Just nine months after they passed the motion into rule at their February meeting, the GAA’s Central Council on Saturday performed a U-turn on the plan to ban joint captains from lifting cups.
“Ard Chomhairle… also approved a motion to allow another player to join the captain for acceptance of the trophy on behalf of the team,” read the statement issued by Croke Park following the meeting. If the wording of the proposal is as exacting as the press release, then it’s an exercise in saving face about a volte face.
The original motion, which to the surprise of many was passed into rule by Central Council and not Congress, was a deeply flawed idea and smacked of PC gone wrong, an arbitrary, unnecessary measure that deemed it wrong to share an honour.
That nobody seemed to lay claim for coming up with it was the most damning indictment. Instead, it was left to GAA director general Tom Ryan to explain the reasoning behind it: “Probably around the same theme as incursions into the field and there have been overtures in recent years about maor foirne,” he said. “So it was not in response to anything specific but just a desire to tidy up presentation around matches.”
It’s silly bordering on the ridiculous that two people lifting a cup together could be regarded as any way comparable to selectors interrupting games or distracting play with their movements. It had nothing to do with Covid either but so much to do with failing to read the room and appreciating what is happening to rural clubs, particularly at underage level.
Longford chairman Albert Cooney, who had been primed to counter the motion in the belief it would be debated at Central Council, explained why co-captains are necessary. “Our problem is we have a number of what they call independent clubs whose numbers are that low that they have to come together to form teams. In that situation, the tradition in the county was a player from each club would be appointed joint-captain and give a sense of ownership to each parish.”
Cooney was assured the rule wouldn’t be enforced “rigorously, put it that way” as were the likes of Wexford who also contested it. Similar promises were provided when it appeared the GAA were going to have to hand in most of their silverware as a result of the successful 2010 motion to perforate any cups or trophies that could hold alcohol.
A result of a tired assembly of delegates wanting to get home from Down after an exhaustive Clár, the final motion, which came from Cavan’s Shannon Gaels, was well intentioned but excessive. “Not going to happen,” said one Croke Park official soon after the vote was made. And so it didn’t.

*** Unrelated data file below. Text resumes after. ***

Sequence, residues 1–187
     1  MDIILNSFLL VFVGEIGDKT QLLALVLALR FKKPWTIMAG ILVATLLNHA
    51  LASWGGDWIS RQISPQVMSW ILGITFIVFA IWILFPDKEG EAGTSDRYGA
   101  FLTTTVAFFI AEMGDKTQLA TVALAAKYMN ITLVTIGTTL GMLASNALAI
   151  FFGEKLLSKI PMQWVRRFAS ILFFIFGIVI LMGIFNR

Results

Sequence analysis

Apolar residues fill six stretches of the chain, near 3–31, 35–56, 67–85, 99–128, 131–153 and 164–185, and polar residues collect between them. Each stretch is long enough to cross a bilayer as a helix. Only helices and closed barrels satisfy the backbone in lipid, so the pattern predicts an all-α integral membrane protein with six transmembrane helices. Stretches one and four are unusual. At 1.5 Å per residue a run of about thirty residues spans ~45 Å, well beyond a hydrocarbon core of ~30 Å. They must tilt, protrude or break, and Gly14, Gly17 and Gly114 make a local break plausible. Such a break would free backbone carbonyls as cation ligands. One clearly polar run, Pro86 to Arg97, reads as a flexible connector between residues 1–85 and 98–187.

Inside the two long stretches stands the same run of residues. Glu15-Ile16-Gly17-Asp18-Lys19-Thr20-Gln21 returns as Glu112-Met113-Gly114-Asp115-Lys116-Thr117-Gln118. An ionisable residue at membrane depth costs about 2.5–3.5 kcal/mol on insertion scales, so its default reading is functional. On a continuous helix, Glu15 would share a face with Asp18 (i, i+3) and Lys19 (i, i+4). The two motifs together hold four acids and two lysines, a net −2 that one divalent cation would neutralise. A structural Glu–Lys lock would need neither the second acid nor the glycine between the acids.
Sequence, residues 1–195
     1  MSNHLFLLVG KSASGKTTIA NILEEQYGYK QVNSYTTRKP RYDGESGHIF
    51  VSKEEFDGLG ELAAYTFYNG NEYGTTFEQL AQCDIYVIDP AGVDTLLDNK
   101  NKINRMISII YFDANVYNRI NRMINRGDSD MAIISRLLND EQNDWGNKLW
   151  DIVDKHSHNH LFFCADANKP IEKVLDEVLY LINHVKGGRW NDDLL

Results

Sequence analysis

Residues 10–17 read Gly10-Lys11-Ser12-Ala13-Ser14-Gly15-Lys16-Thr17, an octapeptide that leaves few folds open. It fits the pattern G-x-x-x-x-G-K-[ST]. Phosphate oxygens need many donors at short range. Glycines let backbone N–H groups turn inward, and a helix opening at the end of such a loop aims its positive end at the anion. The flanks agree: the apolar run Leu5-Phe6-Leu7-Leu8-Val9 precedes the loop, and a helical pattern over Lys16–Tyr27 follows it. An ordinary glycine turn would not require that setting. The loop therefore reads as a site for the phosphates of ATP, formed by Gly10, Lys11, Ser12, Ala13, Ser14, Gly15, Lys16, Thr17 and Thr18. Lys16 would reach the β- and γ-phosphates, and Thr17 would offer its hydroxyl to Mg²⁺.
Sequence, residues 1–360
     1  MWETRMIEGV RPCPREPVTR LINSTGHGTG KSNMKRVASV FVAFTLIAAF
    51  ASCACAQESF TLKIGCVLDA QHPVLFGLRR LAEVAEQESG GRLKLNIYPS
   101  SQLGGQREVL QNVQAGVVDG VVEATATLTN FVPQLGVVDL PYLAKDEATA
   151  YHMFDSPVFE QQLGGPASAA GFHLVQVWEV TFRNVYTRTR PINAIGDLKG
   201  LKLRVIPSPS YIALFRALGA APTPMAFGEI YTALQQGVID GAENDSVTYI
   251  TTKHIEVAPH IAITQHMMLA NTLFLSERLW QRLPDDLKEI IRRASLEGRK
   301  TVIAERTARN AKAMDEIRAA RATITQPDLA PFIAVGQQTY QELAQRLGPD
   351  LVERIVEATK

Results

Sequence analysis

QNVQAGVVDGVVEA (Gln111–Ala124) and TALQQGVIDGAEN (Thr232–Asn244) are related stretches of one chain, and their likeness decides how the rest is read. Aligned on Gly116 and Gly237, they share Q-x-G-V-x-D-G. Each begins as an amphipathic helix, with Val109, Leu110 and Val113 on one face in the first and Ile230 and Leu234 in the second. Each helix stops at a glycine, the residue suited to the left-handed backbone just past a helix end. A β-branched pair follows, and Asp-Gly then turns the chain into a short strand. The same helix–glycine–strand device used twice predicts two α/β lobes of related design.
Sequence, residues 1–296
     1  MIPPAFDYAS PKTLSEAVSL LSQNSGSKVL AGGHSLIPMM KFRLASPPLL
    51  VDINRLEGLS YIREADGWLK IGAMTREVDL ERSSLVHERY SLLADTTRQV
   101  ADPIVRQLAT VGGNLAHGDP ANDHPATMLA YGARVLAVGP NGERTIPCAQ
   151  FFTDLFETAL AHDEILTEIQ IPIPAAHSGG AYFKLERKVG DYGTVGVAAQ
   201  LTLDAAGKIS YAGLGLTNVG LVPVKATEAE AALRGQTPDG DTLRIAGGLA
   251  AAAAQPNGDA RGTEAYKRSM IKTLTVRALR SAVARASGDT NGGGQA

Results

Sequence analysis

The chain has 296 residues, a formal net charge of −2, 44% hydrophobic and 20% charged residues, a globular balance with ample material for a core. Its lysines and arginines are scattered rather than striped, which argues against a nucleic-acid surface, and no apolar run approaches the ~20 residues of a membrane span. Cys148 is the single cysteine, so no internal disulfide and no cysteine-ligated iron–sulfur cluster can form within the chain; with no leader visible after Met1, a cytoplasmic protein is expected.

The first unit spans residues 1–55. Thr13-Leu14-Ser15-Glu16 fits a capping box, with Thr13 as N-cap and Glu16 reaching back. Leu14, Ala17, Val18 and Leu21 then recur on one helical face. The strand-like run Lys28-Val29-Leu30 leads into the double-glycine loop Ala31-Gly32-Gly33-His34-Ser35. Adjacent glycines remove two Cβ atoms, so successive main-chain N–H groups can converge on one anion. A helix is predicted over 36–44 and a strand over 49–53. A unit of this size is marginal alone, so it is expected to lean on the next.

Besides the need to accurately reflect amalgamations at club level, the appointment of two skippers lends itself to best practice. Many counties have established leadership groups. As they contemplate going into eighth and seventh seasons with senior All-Ireland success, Kerry and Kilkenny may consider their time-honoured means of selecting captains from their senior county champions is archaic.
The plans to reverse their captaincy rule wasn’t the only 180 degrees pivot made by the GAA this last weekend. Initial plans to endorse the fixture calendar review task force’s proposal to scrap pre-season competitions were also put on ice.
To be fair to Central Council, the task force itself flipped their own view on the likes of the McGrath and McKenna Cups.
In December 2019, they recommended pre-season competitions be retained and restricted to post January 1 and five designated dates annually. Eleven months later, they called for them to be finished and the Allianz Leagues to commence the inter-county year. “To ensure a more meaningful closed season and appropriate ‘down time’ for inter-county players,” they argued.
That task force’s call for training not to resume until New Year’s Day was also ignored. After Croke Park signalled December 15 would be the official return date for collective inter-county training, the moratorium will now end a week earlier. That means Mayo and Tyrone, whose championship campaigns only concluded in September, can come back at the same time as those who finished up in June.